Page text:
The row between information security professionals and The New York Times, over an article it ran recently, claiming that a ransomware attack on local government offices in Baltimore, Maryland, was carried out through the use of a leaked NSA exploit known as EternalBlue, has moved in a different direction, with some of the infosec people themselves coming under attack – from their peers.
A number of information security professionals in the US have sharply criticised The New York Times over an article it ran recently, claiming that a ransomware attack on local government offices in Baltimore, Maryland, was carried out through the use of a leaked NSA exploit known as EternalBlue.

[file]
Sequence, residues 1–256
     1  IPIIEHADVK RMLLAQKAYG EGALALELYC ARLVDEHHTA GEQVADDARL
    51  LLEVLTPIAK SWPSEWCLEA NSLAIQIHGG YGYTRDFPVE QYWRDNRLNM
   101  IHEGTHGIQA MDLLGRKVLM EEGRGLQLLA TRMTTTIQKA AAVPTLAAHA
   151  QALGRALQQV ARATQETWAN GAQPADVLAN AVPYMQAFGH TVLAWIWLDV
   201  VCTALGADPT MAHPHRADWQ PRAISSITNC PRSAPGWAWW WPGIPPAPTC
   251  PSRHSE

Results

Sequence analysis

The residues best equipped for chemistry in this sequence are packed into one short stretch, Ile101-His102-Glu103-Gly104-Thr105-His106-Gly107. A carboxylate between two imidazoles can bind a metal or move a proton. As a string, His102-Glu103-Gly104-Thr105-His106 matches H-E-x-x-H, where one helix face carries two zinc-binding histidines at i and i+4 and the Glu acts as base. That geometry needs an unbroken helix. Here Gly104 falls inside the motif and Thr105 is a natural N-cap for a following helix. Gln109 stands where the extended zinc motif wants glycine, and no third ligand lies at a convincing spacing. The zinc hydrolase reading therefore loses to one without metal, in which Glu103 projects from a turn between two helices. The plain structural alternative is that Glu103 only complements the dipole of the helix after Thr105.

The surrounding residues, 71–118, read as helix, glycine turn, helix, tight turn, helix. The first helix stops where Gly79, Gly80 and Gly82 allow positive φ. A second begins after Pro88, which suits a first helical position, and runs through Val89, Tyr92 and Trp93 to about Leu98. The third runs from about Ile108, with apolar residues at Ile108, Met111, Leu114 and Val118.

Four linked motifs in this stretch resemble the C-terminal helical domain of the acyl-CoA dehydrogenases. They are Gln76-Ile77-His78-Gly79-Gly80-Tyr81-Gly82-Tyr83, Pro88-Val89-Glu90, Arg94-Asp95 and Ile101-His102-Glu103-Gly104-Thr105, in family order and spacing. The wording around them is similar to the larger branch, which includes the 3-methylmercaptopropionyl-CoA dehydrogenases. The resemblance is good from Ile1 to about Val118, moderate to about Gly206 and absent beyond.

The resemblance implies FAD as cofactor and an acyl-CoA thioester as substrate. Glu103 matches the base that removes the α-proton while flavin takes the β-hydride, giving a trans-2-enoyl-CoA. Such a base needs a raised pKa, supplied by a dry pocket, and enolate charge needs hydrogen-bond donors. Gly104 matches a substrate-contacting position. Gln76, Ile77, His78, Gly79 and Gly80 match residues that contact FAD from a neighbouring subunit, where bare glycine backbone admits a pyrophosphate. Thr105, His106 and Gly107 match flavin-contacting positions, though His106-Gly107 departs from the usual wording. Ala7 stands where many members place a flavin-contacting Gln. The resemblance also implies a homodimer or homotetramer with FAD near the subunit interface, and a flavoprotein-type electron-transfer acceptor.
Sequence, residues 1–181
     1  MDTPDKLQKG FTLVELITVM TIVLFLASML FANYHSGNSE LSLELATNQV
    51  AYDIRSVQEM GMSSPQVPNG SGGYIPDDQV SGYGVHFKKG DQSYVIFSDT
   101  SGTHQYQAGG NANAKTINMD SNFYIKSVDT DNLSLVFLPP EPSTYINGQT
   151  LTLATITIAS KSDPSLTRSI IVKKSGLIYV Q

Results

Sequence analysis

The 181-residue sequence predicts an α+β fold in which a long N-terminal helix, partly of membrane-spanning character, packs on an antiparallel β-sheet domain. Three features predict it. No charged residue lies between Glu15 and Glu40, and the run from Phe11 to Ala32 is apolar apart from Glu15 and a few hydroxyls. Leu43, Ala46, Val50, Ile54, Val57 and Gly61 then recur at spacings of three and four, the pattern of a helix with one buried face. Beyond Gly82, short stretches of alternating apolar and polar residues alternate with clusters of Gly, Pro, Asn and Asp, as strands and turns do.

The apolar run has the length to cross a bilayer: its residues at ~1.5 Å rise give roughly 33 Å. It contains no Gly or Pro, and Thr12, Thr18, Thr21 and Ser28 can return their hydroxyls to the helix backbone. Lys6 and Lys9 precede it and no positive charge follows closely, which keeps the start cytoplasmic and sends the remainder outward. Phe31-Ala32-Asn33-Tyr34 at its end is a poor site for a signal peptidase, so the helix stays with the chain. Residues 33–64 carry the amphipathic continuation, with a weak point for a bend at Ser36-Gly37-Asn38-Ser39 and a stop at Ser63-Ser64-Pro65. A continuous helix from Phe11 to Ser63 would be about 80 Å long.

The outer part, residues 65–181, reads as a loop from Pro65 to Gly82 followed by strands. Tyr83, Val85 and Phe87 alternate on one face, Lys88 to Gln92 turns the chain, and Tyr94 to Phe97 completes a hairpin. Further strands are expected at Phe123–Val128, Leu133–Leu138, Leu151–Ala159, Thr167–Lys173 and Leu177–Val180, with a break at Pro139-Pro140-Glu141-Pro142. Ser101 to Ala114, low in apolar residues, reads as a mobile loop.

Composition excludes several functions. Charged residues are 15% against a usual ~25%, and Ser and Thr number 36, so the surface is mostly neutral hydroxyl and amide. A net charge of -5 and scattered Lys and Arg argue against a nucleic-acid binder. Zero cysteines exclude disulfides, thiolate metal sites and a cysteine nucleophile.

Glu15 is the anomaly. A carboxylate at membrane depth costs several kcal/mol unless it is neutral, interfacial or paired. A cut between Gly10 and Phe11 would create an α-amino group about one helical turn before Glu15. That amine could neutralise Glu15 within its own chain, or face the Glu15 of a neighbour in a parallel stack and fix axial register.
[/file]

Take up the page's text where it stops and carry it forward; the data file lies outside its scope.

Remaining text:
A number of well-respected security professionals have slammed the news agency Bloomberg for an op-ed it ran on Tuesday, claiming that WhatsApp's end-to-end encryption was a gimmick, after reports emerged that the app could be exploited by mobile spyware by merely calling the phone of a would-be victim.
Thanks Sam for debunking these alternative facts
If you have to use a fancy device why not just vape?
Exactly. A landline number Is just an additional al a source of calls for shonky companies trying to sell you[…]
Nice article Peter, Thx!Finally an example of the GOOD that this double-edged sword can do.need more of this.
Having FTTP internet I took a good hard look at what my telephone requirements were.I found I could get Australian[…]